Britt David teacher Kim Lester named Teacher of the Year

mrice@ledger-enquirer.comMay 2, 2013 

Kim Lester of Britt David Elementary Magnet Academy was named the Muscogee County School District 2013 Teacher of the Year during Thursday night’s gala in the Columbus Convention & Trade Center.

“I cannot wait to tell the kids tomorrow,” Lester gushed when she stepped to the microphone and her standing ovation from the crowd of nearly 800 subsided.

Lester has been teaching at Britt David since 2010. She also has taught at two other Muscogee County elementary schools: Downtown from 2006-2010 and South Columbus from 2002-2006.

Lester said she was honored to be in the company of the other finalists: Hardaway High School science teacher Brenda Howell and Gentian Elementary School fifth-grade teacher Ellen Lane. She also congratulated all of the 59 nominees.

“I’m so grateful for the opportunity to tell everybody what a great profession this is,” she said. “Being a teacher is the best. I know we take some flak, but it really is a wonderful job.”

In her application, Lester wrote, “Education today is about bringing the world closer to our students’ lives and turning subjects that may have once been mundane textbook fodder into relevant learning models that inspire children to take lessons further and deeper than ever before.

“Teaching in this climate requires not just a command of Common Core Curriculum standards but an understanding of human nature and the responsibilities that come with being an influential part of a child’s life.”

Lee Brantley, chairman of the Muscogee Educational Excellence Foundation, which conducts MCSD’s Teacher of the Year program, read from the selection committee’s comments about why Lester was chosen:

“The classroom had an air of excitement the minute we walked into the room. She created a safe environment where creativity and curiosity are welcome. While observing this teacher, we could feel her energy and passion for her work. More importantly, the students were learning. They were fully engaged with all their senses.

“… This teacher demonstrated multiple techniques, allowing her students to explore different ways of learning. She made the learning personal. … It was clear to the judges that this teacher would be a wonderful representative of Muscogee County’s finest.”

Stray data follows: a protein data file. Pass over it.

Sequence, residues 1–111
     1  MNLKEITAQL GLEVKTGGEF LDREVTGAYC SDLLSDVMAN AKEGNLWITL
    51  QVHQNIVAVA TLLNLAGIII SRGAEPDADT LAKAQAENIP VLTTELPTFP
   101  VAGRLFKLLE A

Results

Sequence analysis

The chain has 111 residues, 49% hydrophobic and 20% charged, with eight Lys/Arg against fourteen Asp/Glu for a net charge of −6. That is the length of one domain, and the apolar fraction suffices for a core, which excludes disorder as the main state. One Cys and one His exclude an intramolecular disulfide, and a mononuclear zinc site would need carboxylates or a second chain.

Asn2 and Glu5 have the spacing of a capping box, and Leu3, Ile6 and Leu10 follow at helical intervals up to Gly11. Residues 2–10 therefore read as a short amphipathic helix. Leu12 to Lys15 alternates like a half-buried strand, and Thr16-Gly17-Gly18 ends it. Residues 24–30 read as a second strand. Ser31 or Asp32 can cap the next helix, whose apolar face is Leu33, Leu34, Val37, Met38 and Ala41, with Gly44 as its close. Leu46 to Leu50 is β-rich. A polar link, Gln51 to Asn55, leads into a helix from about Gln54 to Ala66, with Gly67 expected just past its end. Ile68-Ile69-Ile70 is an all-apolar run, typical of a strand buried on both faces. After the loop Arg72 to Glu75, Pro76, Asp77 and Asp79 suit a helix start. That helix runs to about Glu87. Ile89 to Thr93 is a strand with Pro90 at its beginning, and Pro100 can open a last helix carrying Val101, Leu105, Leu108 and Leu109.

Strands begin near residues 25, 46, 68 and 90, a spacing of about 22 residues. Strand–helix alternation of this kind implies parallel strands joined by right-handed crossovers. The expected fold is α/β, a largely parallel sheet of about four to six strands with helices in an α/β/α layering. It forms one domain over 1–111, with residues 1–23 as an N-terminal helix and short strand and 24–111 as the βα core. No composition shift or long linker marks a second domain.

The foundation’s selection committee chose the finalists after interviewing the 10 semifinalists out of 59 applicants, who were nominated by their respective schools. To determine the winner, committee members observed the finalists while they taught in their classrooms.

The other semifinalists were: • Ronda Allen, Arnold Magnet Academy, language arts • Benjamin Foust, St. Elmo Center for the Gifted, creativity • Christy Grigsby, Early College Academy, English/language arts • Stephanie Marley, Brewer Elementary School, kindergarten • Rodolfo Perez, Baker Middle School, special education • Jennifer Sappington, Northside High School, civics, U.S. history and world history • Carol Wink, Clubview Elementary School, physical education.

Janet Davis, TIC Federal Credit Union, is chairwoman of the selection committee. The other members are Travis Chambers, ERA Elite Ventures Realty; Tom Titus, retired from Columbus Regional Healthcare System; Tom Hackett, Columbus State University; Debbie Caballero, Girl Scouts, Partners in Education; Colby Cardin, Columbus Bank and Trust; and past Teacher of the Year winners Debra Everett of Spencer High, Christine Powell of Northside High and Paul Hampton of Columbus High.

The foundation awarded prizes of $100 to each nominee, $500 to each semifinalist and $1,000 to each finalist. As the winner, Lester received $5,000 and will be featured on a billboard.

The foundation has given more than $1.5 million in 17 years to innovative teachers through the Teacher of the Year program, grants, an endowment fund and professional development at the Harvard Graduate School of Education.

The crowd also saw retired Lt. Gen. Carmen Cavezza receive the Jim Buntin Award for Excellence in Education. The award is given to a community leader who advocates excellence in education. It is named in honor of the retired Muscogee County superintendent who helped start the foundation.

Betsy Covington, the foundation’s chairwoman-elect, presented Cavezza the award, which is given not necessarily every year but when the foundation finds someone who has “gone above and beyond a traditional volunteer role to promote excellence in our schoold district,” she said.

Cavezza’s past positions include Fort Benning commanding general, executive director of the Columbus ‘96 Olympic softball committee, executive director of the Greater Columbus Sports & Events Council, Columbus city manager and executive director of the Columbus State University Cunningham Center for Leadership Development. Covington said Cavezza’s leadership in education has been behind the scenes but pivotal. He helped establish the Columbus Public Library and enabled Muscogee County's high school graduation ceremonies to move to the Columbus Civic Center. He also was a dependable liaison between the school board and city council, she said.

Covington praised Cavezza for “his gentle nature, ability to achieve swift action, strong support of education and leadership.”

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